If he had his druthers, Carolina Hurricanes coach Rod Brind’Amour probably would like to see Sebastian Aho somewhere on a sunny beach the next few days, off the ice, taking it easy.
“The way we play is uptempo and really hard and in-your-face hockey,” Brind’Amour said. “It takes a toll on the mental side of things. You grind all season and you push and push.”
That said, Brind’Amour doesn’t in any way begrudge Aho heading off to the 2019 NHL All-Star Weekend in San Jose, Calif. The Finnish center is making his first All-Star Game appearance at age 21, representing the Canes, playing for the Metropolitan Division.
“I’m happy he’s going. It’s well-deserved,” Brind’Amour said. “He’s been good all year, steady, consistent. He’s kind of establishing himself as an all-star type caliber player, and obviously that’s a nice honor for him.
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“Those are memories he’ll be able to cherish. It’s quite an accomplishment.”
And think of what Aho has been able to accomplish in this, his third NHL season. He has scored 22 goals, making it three straight years with 20-plus, and 57 points in 50 games. He had his second career hat trick. He began the season with a 12-game point streak that included at least one assist in each game, setting franchise records.
Aho had two assists Wednesday in the Canes’ 5-2 win at Vancouver.
“I think he could play defense, if we had to,” Brind’Amour said. “He’s a very smart hockey player.”
One of Aho’s Finnish friends, forward Patrik Laine of the Winnipeg Jets, said Aho’s “mind is like a computer,” that he’s always thinking ahead on the ice, processing plays and situations quickly.
In going to the All-Star Game, Aho will be surrounded by others who fit the same mold. On the Metro team is Sidney Crosby of the Pittsburgh Penguins, one of the craftiest centers in NHL history. During a game in Aho’s rookie season, Crosby once glanced over to see the name on the back of Aho’s jersey, impressed with his play. Now, they can sit in the same locker room and talk things over.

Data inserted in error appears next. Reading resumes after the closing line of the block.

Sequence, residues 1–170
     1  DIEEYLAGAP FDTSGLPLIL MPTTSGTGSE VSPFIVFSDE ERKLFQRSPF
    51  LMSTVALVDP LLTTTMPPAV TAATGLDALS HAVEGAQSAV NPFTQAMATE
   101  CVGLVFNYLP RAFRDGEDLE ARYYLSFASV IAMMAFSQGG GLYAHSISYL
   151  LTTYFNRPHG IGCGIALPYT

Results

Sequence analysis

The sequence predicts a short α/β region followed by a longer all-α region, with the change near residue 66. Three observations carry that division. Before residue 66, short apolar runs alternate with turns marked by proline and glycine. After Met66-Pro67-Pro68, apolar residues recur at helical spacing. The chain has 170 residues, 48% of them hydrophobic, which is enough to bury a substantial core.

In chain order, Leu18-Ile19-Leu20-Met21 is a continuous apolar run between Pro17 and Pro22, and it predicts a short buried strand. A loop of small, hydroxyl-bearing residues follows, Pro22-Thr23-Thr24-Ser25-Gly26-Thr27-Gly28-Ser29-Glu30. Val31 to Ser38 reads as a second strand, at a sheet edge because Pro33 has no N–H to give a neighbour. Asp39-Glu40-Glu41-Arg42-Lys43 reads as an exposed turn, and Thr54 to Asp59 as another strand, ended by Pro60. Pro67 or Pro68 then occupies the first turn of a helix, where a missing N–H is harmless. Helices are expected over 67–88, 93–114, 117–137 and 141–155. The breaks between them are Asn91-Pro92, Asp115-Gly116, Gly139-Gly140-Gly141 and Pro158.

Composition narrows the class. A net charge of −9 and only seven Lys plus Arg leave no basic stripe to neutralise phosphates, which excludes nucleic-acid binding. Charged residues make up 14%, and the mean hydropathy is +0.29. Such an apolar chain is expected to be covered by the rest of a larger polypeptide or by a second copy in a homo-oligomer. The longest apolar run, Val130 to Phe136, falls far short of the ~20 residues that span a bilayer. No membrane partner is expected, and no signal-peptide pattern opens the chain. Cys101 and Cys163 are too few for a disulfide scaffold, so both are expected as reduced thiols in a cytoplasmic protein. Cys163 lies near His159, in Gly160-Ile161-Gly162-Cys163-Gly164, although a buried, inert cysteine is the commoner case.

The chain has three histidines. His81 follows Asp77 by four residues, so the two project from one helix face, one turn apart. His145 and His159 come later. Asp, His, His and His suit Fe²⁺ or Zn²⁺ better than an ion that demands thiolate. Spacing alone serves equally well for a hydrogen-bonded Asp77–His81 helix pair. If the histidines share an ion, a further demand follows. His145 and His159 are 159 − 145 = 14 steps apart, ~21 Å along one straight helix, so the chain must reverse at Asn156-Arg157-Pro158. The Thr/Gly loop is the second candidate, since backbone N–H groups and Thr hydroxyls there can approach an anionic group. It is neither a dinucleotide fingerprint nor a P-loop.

“It’s going to be cool,” Aho said. “It’s my first time going and it will be a great experience for me, and I’m going to go enjoy it. To be around some of the world’s best players, that should be cool. In our division, we have some superstars. I don’t know what to expect but it should be fun.”
Canes captain Justin Williams has watched as Aho has grown as a player the past season and half. The two sit next to each other in the Canes’ room at PNC Arena, and Aho in recent games centered a line with Williams and newly acquired winger Nino Niedereitter.
Williams has been on Stanley Cup champions with players such as Brind’Amour with the Canes and Anze Kopitar of the Los Angeles Kings. In two years with the Washington Capitals, he played with Alex Ovechkin and Nicklas Backstrom.
But he likes all that he has seen with Aho. His temperament, his resolve.
“He strives to be great, right?” Williams said. “That’s what you want. That’s what the team wants to see. You don’t want to see a guy happy with being a good player. You want them to be great. And after they’re great you want them to be a star.
“It’s his first taste of being an all-star. And he’ll tell you, too, he’s obviously got a long way to go. That’s awesome because he’s already really good.”
Brind’Amour, in his first year as head coach, initially was hesitant to use Aho at center but that’s no longer an issue. Not that there aren’t mistakes. And when there are mistakes, none slip past Brind’Amour, a veteran of more than 1,600 regular-season and playoff games.
In Tuesday’s road game against Calgary, Aho’s goal with 44 seconds left in regulation tied the score, forced overtime and earned the Canes a point. But he lost the faceoff to begin the OT and was caught drifting defensively as the Flames’ Mikael Backlund quickly scored for a 3-2 win.
“He’s a young kid, still learning,” Brind’Amour said. “We still show him stuff, talking about details, things he can be a little better at. He’s answered the bell for the most part. He’s risen to the occasion more than he hasn’t.”
More than anything Brind’Amour admires Aho’s competitiveness. He burns to win, much as his coach once burned to win.
“That’s what makes him a special player, for me,” Brind’Amour said. “We know he’s talented, he works hard on the ice. But the intangibles are what will make him a special, special player. He hates to lose and he will do anything he can to win.”
2019 NHL All-Star Weekend
SAP Center, San Jose, Calif.
Friday: All-Star Skills Competition, 9 p.m., NBCSN
Saturday: NHL All-Star Game, 3-on-3 tournament, 8 p.m., NBC